According to the Appellant, the Court erred in finding substantial completion. Under Mass.Gen.Laws ch. 30, Sec. 39G, substantial completion shall mean "either that the work required by the contract has been completed except for work having a contract price of less than one per cent of the then adjusted total contract price, or substantially all of the work has been completed and open to public use except for minor incomplete or unsatisfactory work items that do not materially impair the usefulness of the work required by the contract."
Testimony received from the Authority's own engineers verified that Federico completed its work on the project by December, 1978. The Authority's own project report dated December 4, 1978 revealed that the project would be 100% complete pending removal of material in front of an outfall sewer. Of four items asserted by the Authority as remaining to be performed as of December 12, 1978, one was withdrawn by counsel at trial. Testimony reveals that another item was in fact performed and that the third item actually concerned an insurance claim covered by the contract. Only one item, coating of bolts with epoxy, remained to be done, according to the testimony of the Authority's engineer, Mr. Noyer. The court found the value of this work to be $13,039.69. On a contract of over $3,700,715.00, the amount originally bid before the unexpected costs were adjusted, the value of the work outstanding is much less than 1% of the total cost. With the value of the completed work at over 99% of the contract price, by the statutory definition, the Court's finding of substantial completion was not in error.
The Authority contests that the evidence in the record is insufficient to support the trial court's finding that Federico is entitled to be paid the contract price for the maintenance and protection of pedestrian and vehicular traffic ("MTP") during the reconstruction of the piers. Appellant's brief would have us believe that this line item of work, No. 34, for which $140,000 was bid, was agreed to be done gratuitously. Closely enmeshed with this issue is a challenge to the finding by the Court, in footnote 6 of the opinion on liability, that the price of steel exceeded the original bid price for foreign steel by more than $140,000. Testimony in the record reveals the following:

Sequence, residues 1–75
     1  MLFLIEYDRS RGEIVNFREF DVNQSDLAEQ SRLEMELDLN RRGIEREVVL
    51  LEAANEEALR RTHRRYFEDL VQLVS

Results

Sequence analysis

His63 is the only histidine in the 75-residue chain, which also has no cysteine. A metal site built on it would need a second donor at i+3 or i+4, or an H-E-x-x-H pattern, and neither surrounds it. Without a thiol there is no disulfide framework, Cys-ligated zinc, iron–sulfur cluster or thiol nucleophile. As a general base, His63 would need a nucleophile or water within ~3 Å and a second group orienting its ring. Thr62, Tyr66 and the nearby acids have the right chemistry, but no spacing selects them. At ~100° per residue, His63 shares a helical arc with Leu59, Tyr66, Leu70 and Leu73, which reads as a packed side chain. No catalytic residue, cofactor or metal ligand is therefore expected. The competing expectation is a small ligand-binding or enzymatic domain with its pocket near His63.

Although Federico's total bid for the contract was the lowest, it still greatly exceeded the price anticipated by the Authority. Before the contract was finally signed, Federico, the Authority and its designers discussed possible ways of reducing the cost of the project.
One way decided upon to reduce costs was to use domestic steel which at that moment was less expensive than the foreign steel price quoted by Federico in his bid. The price of the domestic steel, which was not guaranteed, plus the cost of transporting it to the work site would be $140,000 less than the guaranteed price of the foreign steel. In order to avoid following the procedure required to amend the contract, and to simultaneously protect Federico from having to bear the risk of future price increases in domestic steel, the parties reached an oral agreement: Federico would buy its steel from U.S. Steel and the savings realized would cover the cost of MTP. If the price of U.S. Steel did not increase, payment for the MTP line item would be waived.4
The trial court judge concluded that both parties entered this "understanding" and chose to ignore the proper procedure because otherwise these substantial changes would have required a new bid under state statute. Citing Datatrol, Inc. v. State Purchasing Agent, 379 Mass. 679, 400 N.E.2d 1218, 1228 (1980), and a line of cases that discuss the importance of strict and undeviating compliance with public competitive bidding statutes, the court held that the contract as it relates to these two areas should be enforced as written. The line of reasoning proposed by the judge indicates that this decision was based on the invalidity of the oral waiver, the product of an improper shortcut. We, therefore, believe the trial court's finding as to the price of steel is dicta. While it indicates to the parties that the outcome relative to the oral agreement would have been the same had the court enforced it, it is not necessary to, nor considered in, the judge's decision. At most, it is a harmless error.